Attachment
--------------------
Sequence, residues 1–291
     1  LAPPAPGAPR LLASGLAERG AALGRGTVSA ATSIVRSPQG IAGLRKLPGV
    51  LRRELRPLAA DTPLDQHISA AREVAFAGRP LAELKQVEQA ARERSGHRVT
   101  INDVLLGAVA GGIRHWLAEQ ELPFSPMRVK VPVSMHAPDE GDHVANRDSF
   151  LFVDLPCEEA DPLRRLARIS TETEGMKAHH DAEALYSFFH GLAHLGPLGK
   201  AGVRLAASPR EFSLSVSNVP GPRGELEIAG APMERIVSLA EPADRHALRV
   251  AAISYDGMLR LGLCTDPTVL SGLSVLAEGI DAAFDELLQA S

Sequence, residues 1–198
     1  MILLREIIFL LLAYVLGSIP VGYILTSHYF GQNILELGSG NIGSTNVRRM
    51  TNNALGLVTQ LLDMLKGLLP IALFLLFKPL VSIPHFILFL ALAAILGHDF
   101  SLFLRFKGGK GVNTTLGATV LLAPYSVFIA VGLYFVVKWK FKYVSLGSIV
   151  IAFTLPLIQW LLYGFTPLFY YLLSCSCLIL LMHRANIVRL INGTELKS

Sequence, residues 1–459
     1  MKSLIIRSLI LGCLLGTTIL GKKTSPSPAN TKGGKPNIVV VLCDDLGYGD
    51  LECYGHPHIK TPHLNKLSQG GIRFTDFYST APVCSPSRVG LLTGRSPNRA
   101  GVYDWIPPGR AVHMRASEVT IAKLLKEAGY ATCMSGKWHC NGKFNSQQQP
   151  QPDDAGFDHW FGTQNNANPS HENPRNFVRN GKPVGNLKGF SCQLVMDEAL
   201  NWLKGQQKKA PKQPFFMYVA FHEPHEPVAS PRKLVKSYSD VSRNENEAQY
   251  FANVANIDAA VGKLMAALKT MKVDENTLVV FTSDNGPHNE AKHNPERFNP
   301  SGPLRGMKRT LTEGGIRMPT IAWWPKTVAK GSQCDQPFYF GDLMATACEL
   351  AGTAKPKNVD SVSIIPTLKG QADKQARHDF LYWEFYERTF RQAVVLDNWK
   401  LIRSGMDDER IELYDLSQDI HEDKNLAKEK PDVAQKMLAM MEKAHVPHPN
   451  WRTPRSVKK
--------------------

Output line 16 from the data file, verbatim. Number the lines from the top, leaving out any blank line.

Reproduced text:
   101  GVYDWIPPGR AVHMRASEVT IAKLLKEAGY ATCMSGKWHC NGKFNSQQQP